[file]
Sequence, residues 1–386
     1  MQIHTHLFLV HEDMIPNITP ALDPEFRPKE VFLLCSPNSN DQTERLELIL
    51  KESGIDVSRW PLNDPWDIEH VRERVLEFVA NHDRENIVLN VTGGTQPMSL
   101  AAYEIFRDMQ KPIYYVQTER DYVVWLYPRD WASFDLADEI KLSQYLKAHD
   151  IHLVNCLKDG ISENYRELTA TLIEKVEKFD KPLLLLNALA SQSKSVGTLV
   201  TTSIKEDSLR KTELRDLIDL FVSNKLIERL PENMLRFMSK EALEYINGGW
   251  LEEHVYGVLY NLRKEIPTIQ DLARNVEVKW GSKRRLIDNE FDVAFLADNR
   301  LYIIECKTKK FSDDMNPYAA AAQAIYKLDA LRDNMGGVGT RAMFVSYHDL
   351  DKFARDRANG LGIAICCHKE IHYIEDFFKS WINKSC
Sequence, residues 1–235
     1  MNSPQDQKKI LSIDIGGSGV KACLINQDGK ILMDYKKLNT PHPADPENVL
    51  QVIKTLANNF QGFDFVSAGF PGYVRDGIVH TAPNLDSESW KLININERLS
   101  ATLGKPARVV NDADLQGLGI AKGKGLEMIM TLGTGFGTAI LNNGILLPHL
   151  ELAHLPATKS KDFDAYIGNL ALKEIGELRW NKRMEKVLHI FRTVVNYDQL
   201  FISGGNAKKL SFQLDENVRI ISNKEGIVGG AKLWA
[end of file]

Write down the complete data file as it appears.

Sequence, residues 1–386
     1  MQIHTHLFLV HEDMIPNITP ALDPEFRPKE VFLLCSPNSN DQTERLELIL
    51  KESGIDVSRW PLNDPWDIEH VRERVLEFVA NHDRENIVLN VTGGTQPMSL
   101  AAYEIFRDMQ KPIYYVQTER DYVVWLYPRD WASFDLADEI KLSQYLKAHD
   151  IHLVNCLKDG ISENYRELTA TLIEKVEKFD KPLLLLNALA SQSKSVGTLV
   201  TTSIKEDSLR KTELRDLIDL FVSNKLIERL PENMLRFMSK EALEYINGGW
   251  LEEHVYGVLY NLRKEIPTIQ DLARNVEVKW GSKRRLIDNE FDVAFLADNR
   301  LYIIECKTKK FSDDMNPYAA AAQAIYKLDA LRDNMGGVGT RAMFVSYHDL
   351  DKFARDRANG LGIAICCHKE IHYIEDFFKS WINKSC
Sequence, residues 1–235
     1  MNSPQDQKKI LSIDIGGSGV KACLINQDGK ILMDYKKLNT PHPADPENVL
    51  QVIKTLANNF QGFDFVSAGF PGYVRDGIVH TAPNLDSESW KLININERLS
   101  ATLGKPARVV NDADLQGLGI AKGKGLEMIM TLGTGFGTAI LNNGILLPHL
   151  ELAHLPATKS KDFDAYIGNL ALKEIGELRW NKRMEKVLHI FRTVVNYDQL
   201  FISGGNAKKL SFQLDENVRI ISNKEGIVGG AKLWA